# Dogtanian

Senior Members

30

10 Neutral

• Rank
Quark

## Contact Methods

• Website URL
http://www.oatesfamilyhistory.co.uk

## Profile Information

• College Major/Degree
Maths
1. Oh, I get what you did now. You took the contrapositive of the statement: instead of proving 'if K(v,w)= 0 for a ll w then v=0' you proved 'if v=/=0 then there exists a w such that K(v,w)=/=0'. I think I get it now. So to do this question fro the start you find the matrix K= 004 080 400 in the way it was done above. Then you pick a non-zero v = (a,b,c), say, and fnd a w such that K(v,w)= vKw=/=0. In the case above you found that w=(c,b,a) will work.
2. So, say we to show v =0 for all w.# Let w= a b c-a = (b,a,c) and v= x y z-x = (y,x,z) Then wKv= 8.a.x + 4.c.y + 4.b.z = 0 Now is it simply that for this to be true for all a,b,c then x=y=z=0 automatically?
3. Thanks for telling me K(X,Y) = 4tr(XY). But I thought I'd try to work it out myself anyway as I need it to show how one gets it. I am also able to work out the matrix rep of K you gave. Now, how do I go from here? Do I use this matrix and apply it to a general Y, set this to zero and show that Y must always be zero in this instance? So, I could write a general Y not in the form of a matrix like a b c-a but as a vector a b c as by doing this you clearly see by multiplying the matrix for K with such a vector and setting the answer to zero you must have a=b=c=0.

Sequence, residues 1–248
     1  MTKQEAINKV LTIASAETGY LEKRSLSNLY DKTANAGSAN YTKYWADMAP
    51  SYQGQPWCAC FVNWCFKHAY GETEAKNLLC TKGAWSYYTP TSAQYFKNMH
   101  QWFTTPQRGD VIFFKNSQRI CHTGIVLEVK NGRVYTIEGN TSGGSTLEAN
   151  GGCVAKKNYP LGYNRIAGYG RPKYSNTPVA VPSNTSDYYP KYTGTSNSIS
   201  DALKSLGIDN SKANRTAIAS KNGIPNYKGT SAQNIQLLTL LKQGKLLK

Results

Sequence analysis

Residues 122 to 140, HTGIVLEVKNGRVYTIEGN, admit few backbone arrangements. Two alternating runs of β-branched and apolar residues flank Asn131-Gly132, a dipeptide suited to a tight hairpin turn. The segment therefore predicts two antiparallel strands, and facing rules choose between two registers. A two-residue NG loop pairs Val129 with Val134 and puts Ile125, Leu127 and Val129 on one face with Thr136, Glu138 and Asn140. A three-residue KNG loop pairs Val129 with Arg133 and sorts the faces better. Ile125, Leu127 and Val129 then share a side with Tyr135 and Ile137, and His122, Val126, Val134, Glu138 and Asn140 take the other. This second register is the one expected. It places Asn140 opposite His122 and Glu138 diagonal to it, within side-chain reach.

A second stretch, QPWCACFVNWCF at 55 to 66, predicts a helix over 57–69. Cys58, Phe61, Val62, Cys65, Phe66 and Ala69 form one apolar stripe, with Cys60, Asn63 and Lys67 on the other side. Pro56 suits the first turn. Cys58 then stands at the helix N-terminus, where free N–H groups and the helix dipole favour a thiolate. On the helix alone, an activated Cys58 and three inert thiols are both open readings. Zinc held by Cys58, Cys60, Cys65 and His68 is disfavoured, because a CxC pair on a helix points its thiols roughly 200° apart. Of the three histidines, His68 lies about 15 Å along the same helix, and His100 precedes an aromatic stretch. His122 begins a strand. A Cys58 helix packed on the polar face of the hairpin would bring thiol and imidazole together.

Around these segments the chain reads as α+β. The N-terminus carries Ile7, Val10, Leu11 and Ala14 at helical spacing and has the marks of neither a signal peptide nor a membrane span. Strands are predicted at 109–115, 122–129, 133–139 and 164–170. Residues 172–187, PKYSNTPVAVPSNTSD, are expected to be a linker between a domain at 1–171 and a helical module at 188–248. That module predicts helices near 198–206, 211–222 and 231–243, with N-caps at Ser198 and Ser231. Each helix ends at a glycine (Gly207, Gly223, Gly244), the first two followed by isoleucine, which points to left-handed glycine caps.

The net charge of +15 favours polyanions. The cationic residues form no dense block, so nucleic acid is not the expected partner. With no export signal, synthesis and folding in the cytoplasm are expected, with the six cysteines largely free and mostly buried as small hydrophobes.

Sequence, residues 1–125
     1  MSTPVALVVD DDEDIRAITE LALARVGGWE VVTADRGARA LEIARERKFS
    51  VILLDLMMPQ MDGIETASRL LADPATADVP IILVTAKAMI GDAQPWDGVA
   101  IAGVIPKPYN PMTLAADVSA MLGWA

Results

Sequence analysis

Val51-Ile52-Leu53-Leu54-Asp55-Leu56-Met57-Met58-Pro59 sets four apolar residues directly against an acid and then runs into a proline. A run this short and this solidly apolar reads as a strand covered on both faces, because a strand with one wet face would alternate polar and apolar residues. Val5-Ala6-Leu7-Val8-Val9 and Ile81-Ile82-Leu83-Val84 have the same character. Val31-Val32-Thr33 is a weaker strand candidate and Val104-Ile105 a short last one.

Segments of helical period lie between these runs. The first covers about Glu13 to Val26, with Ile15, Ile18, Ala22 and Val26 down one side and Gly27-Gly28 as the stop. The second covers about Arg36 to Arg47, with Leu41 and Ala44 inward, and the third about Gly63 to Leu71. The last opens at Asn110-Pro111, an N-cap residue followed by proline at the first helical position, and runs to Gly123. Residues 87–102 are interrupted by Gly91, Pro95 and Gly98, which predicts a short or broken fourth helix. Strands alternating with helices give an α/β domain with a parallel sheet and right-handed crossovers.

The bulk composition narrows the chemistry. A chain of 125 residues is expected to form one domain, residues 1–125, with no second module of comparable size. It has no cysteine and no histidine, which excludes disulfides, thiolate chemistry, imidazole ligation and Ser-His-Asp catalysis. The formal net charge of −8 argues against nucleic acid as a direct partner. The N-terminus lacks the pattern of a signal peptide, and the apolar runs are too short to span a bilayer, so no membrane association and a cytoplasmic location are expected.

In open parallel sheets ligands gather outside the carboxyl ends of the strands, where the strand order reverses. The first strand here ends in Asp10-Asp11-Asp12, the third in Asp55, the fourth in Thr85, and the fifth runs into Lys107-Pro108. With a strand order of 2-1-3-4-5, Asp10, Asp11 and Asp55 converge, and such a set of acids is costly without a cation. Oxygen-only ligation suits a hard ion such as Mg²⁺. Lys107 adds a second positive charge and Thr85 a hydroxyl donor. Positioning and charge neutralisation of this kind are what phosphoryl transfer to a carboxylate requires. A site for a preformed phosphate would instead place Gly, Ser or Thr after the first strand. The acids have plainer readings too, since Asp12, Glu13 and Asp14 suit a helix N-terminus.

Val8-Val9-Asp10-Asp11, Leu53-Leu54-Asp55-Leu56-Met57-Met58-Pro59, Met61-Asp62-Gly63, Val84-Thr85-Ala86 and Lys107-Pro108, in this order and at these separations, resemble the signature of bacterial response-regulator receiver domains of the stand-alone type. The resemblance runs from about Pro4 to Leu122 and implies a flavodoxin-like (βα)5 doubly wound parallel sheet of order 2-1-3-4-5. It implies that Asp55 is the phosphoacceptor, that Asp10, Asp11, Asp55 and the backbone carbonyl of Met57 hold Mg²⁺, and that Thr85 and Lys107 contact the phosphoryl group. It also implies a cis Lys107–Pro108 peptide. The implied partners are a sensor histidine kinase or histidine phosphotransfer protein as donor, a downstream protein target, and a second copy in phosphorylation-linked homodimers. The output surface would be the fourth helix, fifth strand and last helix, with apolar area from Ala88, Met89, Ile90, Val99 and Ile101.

7. Last I heard (a year or so back) was that the Lib Dems said they would not form any coalition Governemnt with anyone, so if there was a hung Parliament, you can expect another election within a few months (like happend some time in the 70's I believe).
8. Thanks for your suggestions. I will go see my lecturer about it. Only I though't I'd ask here first since it wasn't possible to go see the lecturer before the work had to be handed in (in the morning). Anyway I'd already gone on with the assumption that maximum subgroup meant the largest and it seamed to work out fine for the questions I had. Though I'm still none-the-wiser about maximal v maximum since it turned out I didn't need any results directly relating to maximal subgroups for the questions. I guess I'll find out if I was right in a couple of days...whenever I get the work back or ask the lecturer...which ever is first. Thanks again.
9. Doesn't anyone know? I know semigroups are quite a specialist subject, but I thought someone migth know... ...please
10. I knew there was something about why all this about xnot=x didn't fit...I think you got it there, yes. I'd like to see someone say that you cannot claim that 2 apples are never two apples, no matter which appels you've got. Another example. Say you have 3 chairs : one arem chir, one deckchair and one stool. Youc an say swap the stool for a dinning chair. The stool certainly is different from the dinning chair, but you still have 3 chairs.
11. Can anyone tell me the difference between maximal and maximum subgroups of a semigroup, if there is one at all? I seem to be a bit confused about if there is a difference at all. In my lecture notes I can only find references to maximal subgroups, whereas on a problem sheet I can only find references to maximum subgroups. I also vaguely remeber my lecturer emphasining a difference between maximum and maximal, but I was concentrating on the proof she'd just shown at the time, so I'm not sure if she was talking about a difference within semigroup theory or the difference between semigroup theroy and group theroy. Any clarification would be great
×